The Party

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Less than the sum of its parts

Potter conceived her latest movie as a kind of State of the Nation comedy exploring contemporary politics, particularly Brexit Britain.

She has assembled a fine ensemble cast including Timothy Spall, Kristin Scott Thomas, Patricia Clarkson, Cillian Murphy and Bruno Ganz. But the director has had to work with a micro budget and it shows.

It is set in one location — the ground floor of a London townhouse; it’s in black and white shot from one hand held camera; and it runs in real time — a spritely 70 minutes.

The set-up is a party to celebrate the elevation of Janet (Scott Thomas) to health minister. Each of the characters represents an architype. Janet embodies British democracy, liberalism and the NHS. Her obstinate, vacant husband Bill, who represents a dying Britain, asks “Do you think I have a future?”

Murphy, in another memorably unhinged performance, plays Tom, the “wanker-banker who makes millions out of other people’s misery”. Humour is provided by Ganz’s wonderful turn as “life coach and healer” Gottfried.

While Potter’s ambition was a modern take on Anton Chekhov’s theatrical allegories or Luis Bunuel’s satirical farces, the script is clunky and lacks depth and sophistication. It feels at times to be an uneasy mix between Woody Allen and Harold Pinter. Although the actors give their all, from their performances they each seem to be in different movies.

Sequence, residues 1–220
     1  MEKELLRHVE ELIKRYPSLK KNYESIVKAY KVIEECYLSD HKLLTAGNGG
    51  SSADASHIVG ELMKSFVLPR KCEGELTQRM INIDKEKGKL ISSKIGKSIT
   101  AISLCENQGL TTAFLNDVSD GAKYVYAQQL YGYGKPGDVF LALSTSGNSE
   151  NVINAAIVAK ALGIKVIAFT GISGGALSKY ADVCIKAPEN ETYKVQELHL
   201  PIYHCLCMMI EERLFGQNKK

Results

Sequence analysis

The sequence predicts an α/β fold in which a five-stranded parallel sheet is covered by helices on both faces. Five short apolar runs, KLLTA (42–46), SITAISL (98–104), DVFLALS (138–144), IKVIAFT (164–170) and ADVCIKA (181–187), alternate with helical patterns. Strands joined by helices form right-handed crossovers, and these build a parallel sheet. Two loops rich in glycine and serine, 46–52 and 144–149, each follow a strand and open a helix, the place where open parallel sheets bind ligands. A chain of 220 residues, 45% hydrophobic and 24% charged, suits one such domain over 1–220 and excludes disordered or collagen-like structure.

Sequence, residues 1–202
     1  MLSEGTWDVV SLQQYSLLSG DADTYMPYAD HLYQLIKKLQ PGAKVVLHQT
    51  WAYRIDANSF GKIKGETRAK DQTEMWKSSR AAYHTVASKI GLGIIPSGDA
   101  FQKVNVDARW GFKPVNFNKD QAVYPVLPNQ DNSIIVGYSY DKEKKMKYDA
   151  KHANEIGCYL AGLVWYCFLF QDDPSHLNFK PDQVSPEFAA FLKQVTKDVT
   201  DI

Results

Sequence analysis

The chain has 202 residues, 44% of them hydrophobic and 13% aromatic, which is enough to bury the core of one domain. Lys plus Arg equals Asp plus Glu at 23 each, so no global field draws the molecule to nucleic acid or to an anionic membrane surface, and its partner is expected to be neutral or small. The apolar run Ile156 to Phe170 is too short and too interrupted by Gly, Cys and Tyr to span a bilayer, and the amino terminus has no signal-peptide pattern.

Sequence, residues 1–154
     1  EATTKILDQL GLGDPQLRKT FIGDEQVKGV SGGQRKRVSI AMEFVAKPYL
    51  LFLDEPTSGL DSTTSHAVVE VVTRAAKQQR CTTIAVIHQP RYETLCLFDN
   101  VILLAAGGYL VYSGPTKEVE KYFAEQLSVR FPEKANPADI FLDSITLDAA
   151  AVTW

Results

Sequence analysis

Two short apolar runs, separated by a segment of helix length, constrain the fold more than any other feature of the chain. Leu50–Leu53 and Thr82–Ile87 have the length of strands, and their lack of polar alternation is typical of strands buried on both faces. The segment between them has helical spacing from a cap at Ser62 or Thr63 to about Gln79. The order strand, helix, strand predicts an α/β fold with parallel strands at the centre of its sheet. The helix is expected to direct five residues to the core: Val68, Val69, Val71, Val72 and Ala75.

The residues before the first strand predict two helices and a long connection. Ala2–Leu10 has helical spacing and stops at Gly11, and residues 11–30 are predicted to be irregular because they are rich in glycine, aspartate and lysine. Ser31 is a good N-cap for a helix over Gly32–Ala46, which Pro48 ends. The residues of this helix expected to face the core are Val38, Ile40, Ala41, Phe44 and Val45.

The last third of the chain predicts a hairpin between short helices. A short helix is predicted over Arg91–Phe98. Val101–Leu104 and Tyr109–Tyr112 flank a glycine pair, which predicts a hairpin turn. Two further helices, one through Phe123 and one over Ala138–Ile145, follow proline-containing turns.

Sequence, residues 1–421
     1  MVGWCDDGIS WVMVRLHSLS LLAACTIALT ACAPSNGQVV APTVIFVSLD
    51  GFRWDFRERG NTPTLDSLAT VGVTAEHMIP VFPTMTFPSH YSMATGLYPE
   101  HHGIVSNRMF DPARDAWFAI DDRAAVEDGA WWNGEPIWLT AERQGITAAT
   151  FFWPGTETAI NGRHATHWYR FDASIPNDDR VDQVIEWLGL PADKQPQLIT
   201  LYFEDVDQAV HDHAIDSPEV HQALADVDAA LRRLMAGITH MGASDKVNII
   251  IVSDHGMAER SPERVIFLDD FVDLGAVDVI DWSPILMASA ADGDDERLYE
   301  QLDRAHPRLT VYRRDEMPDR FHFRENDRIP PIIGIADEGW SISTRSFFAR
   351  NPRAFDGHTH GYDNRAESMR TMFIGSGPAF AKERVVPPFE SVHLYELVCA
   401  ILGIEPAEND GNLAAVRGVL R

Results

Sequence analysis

Potter often uses experimental methods executed with panache. Her breakthrough film was the Virginia Woolf adaptation Orlando — a visually stunning work themed around history and gender fluidity which made a powerful statement on its release in 1992.

In the past Potter has taken political events and used them as key motivators to the characters and plot. So her 2012 movie Ginger and Rosa is set against the 1962 Cuban missile crisis with the characters preoccupied with potential nuclear Armageddon coupled with the possibility of change through protest.

In The Party she is again exploring ideas of integrity, power and change. She asks how we have come to this. But the take-home message is a cry for liberal parliamentary democracy — the cynical pragmatist April ends up telling Janet, “You’re the only one of us who tried to do something really big” and that she must run the country “for all our sakes”.

Yet it is the failures of liberal democracy that are responsible for the political crisis that has resulted in people worldwide seeking radical alternatives both left and right.